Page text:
New Brunswick flooding caused by Ida, September 2021

State officials are reminding the public about the vital importance of being prepared as New Jersey marks Hurricane Preparedness month and the peak of hurricane season. The risks from these powerful storms have increased as a result of climate change.

New Jersey State Police Superintendent and State Director of Emergency Management Patrick J. Callahan and New Jersey Commissioner of Environmental Protection Shawn M. LaTourette shared several recommendations to be prepared for imminent weather emergencies which you can review below.

This coming October 22 will mark 10 years since New Jersey was hit by Hurricane Sandy. The category 3 hurricane brought wind speeds of 115mph, destructive flooding, billions of dollars worth of damage across the state, and caused more than 200 fatalities.

“We are so fortunate to live in a coastal state with many miles of beautiful beaches and rivers to enjoy,” said Commissioner LaTourette in a press release. “But we must not for a second believe that rebuilding beaches and building seawalls and levees will protect us from every eventuality that climate change can throw our way. Weather events are becoming more extreme and unpredictable. Every one of us must become smarter about the growing risks of climate change and take necessary actions to better protect ourselves and each other.”

  • To be better prepared for imminent weather emergencies, the New Jersey Office of Emergency Management recommends the following:

  • Sign up for emergency alerts:

    Tune in, log-on, opt-in, ‘like’ or ‘follow’ state, county, local and federal agencies for credible disaster-related information such as alerts and warnings, situational awareness updates, and where to find help. Information on signing up can be found at

  • Register Ready:, New Jersey’s Special Needs Registry for Disasters allows New Jersey residents with disabilities or access and functional needs and their families, friends and associates an opportunity to provide information to emergency response agencies. This helps emergency responders better plan to serve them in a disaster or other emergency. The information collected here is confidential and will not be available to the public. The information will be held securely and only used for emergency response and planning.

  • Make an emergency kit:

    Emergency kits will allow individuals and families to survive several days without access to food, water, or electricity. Emergency kits should include at least a 3-day to 5-day day supply of non-perishable food and water, prescription medications for up to two weeks if available, baby supplies, pet supplies and any additional items for special medical needs such as an extra pair of eyeglasses and batteries for hearing aids. Your kit should include important phone numbers for doctors as well as car cell-phone chargers.

  • Make a family go-bag:

    While gathering your emergency kit, pack a go-bag for your family. This can be a duffle bag or gym bag that is easily accessible so you can grab it and go in the event of an emergency evacuation order. These bags should include items such as prescription medication, food, water, extra clothing, and copies of important documents and phone numbers to get you through the first few critical days. For information on how to put a family emergency kit together, visit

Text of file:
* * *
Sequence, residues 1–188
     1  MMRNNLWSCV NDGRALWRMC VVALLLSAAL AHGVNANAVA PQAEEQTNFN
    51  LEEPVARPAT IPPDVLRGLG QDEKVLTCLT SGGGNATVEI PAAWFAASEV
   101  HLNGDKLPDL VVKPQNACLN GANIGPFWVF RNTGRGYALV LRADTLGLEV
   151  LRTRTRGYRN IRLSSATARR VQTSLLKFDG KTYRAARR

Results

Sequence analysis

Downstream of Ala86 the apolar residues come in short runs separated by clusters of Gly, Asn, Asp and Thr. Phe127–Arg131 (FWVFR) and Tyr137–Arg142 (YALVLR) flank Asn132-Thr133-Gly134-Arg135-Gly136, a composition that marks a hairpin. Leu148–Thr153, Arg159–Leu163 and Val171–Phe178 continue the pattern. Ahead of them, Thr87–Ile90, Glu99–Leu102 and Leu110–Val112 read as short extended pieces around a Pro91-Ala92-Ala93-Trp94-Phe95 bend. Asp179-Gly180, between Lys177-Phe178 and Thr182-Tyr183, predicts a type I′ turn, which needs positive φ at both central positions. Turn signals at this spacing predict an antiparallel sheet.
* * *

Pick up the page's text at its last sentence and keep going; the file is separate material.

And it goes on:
• Make an emergency plan:

    Make plans with family and friends in case you’re not together when any type of emergency – natural, technological, or man-made – occurs. Discuss how you will contact each other, where you will meet and what you will do in different situations. Become familiar with your town’s evacuation routes. For information on how to put a family emergency plan together, visit Pets are family too. Be sure to include them in your emergency plans by visiting

  • To become better prepared for increasing climate change risks, the New Jersey Department of Environmental Protection recommends:

  • Purchase flood insurance:

    Homeowners should purchase flood insurance to avoid paying out of pocket for flood damages. Most homeowners’ insurance does not cover flood damages. Properties in the Special Flood Hazard Area (SFHA)are eligible for federal flood insurance through the National Flood Insurance Program (NFIP) if their municipality participates in the program. In some cases, obtaining private flood insurance may be a good idea if homes are outside the SFHA but are experiencing, or may experience (due to impervious surface coverage or otherwise), significant flooding.

  • Understand your flood risk:

    Flood risk across the state is growing because of climate change. Areas that have never flooded before may see significant flooding now or in the future. There are many online tools and resources available to help you better visualize the risk. These tools include NJFloodMapper, which can help you visualize flood hazard risk in the context of sea-level rise and extreme flooding events. Another is Resilient NJ: Local Planning for Climate Change Toolkit. Primarily directed toward local government officials, the toolkit can be used to inform climate resilience planning efforts, including completing a climate change-related hazard vulnerability assessment. Understanding a community’s vulnerability can help guide effective decision-making to prevent or eliminate flood risk.

  • Get DEP Weather Ready:

    If a home is experiencing repeated and severe flood damage, homeowners may want to consider moving to a lower-risk area. The Blue Acres program offers relocation assistance to families whose homes are subject to repeated flooding. Any homeowner interested in selling their property may submit an application to Blue Acres via the form on the Blue Acres website.

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